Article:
Timeframe - xxx
For - DWP and Policy Lab
While at - UsCreates
Role - Lead service designer
Support people with long-term health conditions and disabilities back to work
Policy lab and DWP to better understand what drives more meaningful engagement with Jobcentre Plus services from people with health conditions or disabilities. Evidence shows that where claimants engage voluntarily with support this tends to lead to more positive outcomes. The DWP wanted to find out how to encourage and increased voluntary engagement.
The Policy Lab in the Cabinet Office is working with the Department for Work & Pensions (DWP) on a project to develop positive engagement between people with health conditions and disabilities who are out of work, claiming benefits and the DWP staff who support them.
Policy Lab partnered with Uscreates to better understand and evaluate the Jobcentre Plus (JCP) user journey and identify opportunity areas to improve engagement with claimants with health conditions, and co-design ideas and develop them into paper prototypes to test in ‘real world’ situations and refine based on feedback.
Uscreates worked collaboratively with Policy Lab, co-delivering workshops and including the team in weekly huddles and prototyping support activities.
SPRINT 1- Defined opportunity areas to solve the key interactions that have proven most challenging to claimants
Based on the opportunity areas identified by the research, we held co-design sessions with members of core teams (DWP, JCP work coaches, other stakeholders etc).
First round of ethnographic films were done by policy lab > then Uscreates did all the ideas.
Based on the ethnographies and the claimants journey, the insights were gathered under 5 opportunity areas. These opportunity areas were used as a base to guide the co-design session with the stakeholders.
During the co-design session, teams came up with a number of ideas under each opportunity area and have been prioritised (based on feasibility, desirability and viability) to be taken forward to initial concept prototyping.
We then used the insights from the research to collectively develop ideas to improve engagement – we started off with a range of options and then refined down. There was a real buzz in the session with frontline practitioners and policymakers in the magnificent SKYroom at the Cabinet Office.
SPRINT 2 - Co-designed potential new solutions with users and frontline workers, DWP and partners
CHANGE IMAGE BY SLIDESHOW
We used rapid prototyping as a research and communication method and created early-stage prototypes to help us test and verify user needs for new products.
Following the depth research we held a number of insights sharing and design sessions with claimants, disability organisations and frontline staff working with Uscreates and Policy Lab.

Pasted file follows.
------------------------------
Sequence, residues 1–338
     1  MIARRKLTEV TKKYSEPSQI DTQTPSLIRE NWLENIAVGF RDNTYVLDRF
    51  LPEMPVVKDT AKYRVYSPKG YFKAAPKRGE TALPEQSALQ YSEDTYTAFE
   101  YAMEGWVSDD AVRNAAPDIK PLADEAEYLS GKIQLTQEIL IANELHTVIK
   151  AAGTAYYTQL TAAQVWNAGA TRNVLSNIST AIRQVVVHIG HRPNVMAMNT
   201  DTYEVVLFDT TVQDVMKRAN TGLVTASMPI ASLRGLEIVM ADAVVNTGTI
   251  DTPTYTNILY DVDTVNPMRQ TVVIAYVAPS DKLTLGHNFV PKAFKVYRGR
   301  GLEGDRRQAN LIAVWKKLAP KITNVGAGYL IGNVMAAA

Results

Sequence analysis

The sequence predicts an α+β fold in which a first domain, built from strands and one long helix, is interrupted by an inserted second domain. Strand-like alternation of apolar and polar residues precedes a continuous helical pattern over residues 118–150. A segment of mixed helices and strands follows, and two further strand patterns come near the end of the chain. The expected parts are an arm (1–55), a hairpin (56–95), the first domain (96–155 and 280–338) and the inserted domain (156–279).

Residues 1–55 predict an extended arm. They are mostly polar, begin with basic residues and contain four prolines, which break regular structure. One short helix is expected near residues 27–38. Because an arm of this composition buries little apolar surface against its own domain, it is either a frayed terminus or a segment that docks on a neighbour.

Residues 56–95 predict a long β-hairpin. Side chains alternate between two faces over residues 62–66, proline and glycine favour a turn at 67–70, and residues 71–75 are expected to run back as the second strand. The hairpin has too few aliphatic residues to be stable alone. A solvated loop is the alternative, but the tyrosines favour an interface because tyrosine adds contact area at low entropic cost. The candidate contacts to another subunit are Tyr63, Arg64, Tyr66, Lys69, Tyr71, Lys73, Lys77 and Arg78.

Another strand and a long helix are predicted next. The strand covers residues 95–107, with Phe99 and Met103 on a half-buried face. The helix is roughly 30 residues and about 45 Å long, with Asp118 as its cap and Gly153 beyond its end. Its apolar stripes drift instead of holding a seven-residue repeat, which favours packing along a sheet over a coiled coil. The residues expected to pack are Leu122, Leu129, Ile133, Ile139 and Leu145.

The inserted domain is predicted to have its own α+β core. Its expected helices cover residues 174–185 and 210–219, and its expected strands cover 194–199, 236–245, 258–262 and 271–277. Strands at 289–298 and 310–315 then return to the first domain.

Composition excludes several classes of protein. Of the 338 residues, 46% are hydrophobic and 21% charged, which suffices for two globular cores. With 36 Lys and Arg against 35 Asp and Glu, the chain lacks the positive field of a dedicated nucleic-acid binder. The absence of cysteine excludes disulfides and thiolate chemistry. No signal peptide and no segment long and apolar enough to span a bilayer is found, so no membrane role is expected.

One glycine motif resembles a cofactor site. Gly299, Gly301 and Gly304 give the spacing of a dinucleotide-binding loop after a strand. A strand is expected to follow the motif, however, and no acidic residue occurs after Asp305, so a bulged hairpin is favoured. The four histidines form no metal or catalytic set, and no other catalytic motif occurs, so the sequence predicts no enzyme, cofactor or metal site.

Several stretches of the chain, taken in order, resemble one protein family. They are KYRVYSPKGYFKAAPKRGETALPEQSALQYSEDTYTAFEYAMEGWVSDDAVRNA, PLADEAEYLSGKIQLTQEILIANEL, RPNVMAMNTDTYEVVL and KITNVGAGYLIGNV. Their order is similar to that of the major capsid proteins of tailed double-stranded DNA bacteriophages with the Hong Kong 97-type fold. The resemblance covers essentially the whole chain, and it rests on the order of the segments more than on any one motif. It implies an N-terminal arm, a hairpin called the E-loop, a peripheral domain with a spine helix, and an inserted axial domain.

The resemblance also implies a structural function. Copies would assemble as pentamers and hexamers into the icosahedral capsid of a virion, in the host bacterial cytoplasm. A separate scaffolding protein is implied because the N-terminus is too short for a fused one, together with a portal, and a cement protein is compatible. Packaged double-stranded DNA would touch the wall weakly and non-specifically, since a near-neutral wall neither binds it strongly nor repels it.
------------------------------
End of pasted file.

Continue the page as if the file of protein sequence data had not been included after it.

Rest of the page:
Phase 1: Testing with 3 claimants in 121 interviews To ensure we got claimant’s perspective at the co-design stage, we tested the initial concepts as simple sketches, giving permission to the claimants to modify and interpret ideas as they wished.
Phase 2: Testing with work coaches in Barnsbury and in Birkenhead). Based on claimants’ feedback, the ideas were prioritised and refined to higher fidelity prototypes. We de-prioritised ideas which overlapped with existing initiatives and concentrated on new concepts.
SRINT 3 - Prototyped and tested these ideas with claimants in 2 JCP locations (Barnsbury, London and Birkenhead, Liverpool).
2nd round proto- refine with job center plus staff + guidelines for staff/ coffee shop
Testing with DWP/ Guidelines testing creation and final feedback
The final recommendations stem from a shared consensus, and a combination of all feedback received during prototypes sessions.
The final round of prototypes were a series of interventions at specific points along the journey, with the objectives of improving claimant’s understanding and trust of the process before the initial appointment, improving the setting in which the first interaction took place, and shaping tools to build trust and facilitate ongoing interactions.
The improvement of the user experience of the service should not only focus on what can be done for claimants, but also how the day to day life of work coach could be improved. By helping them to feel motivated, valued and supported technically and emotionally, it will directly influence the type and quality of services they will be providing to clients.To achieve this, we suggested to implement a strong support system
-Quantify the most important aspects of the work that work coaches are doing on a day to day basis, and drive positive organisational change based on improved support rather than activity
The DWP has now a range of prototypes to test. and shared the HCP approach with colleagues across DWP who are keen to learn more.
In the press
- Positive engagement – our user-centred approach - Harsha Parmar, Disability Employment and Support Strategy, DWP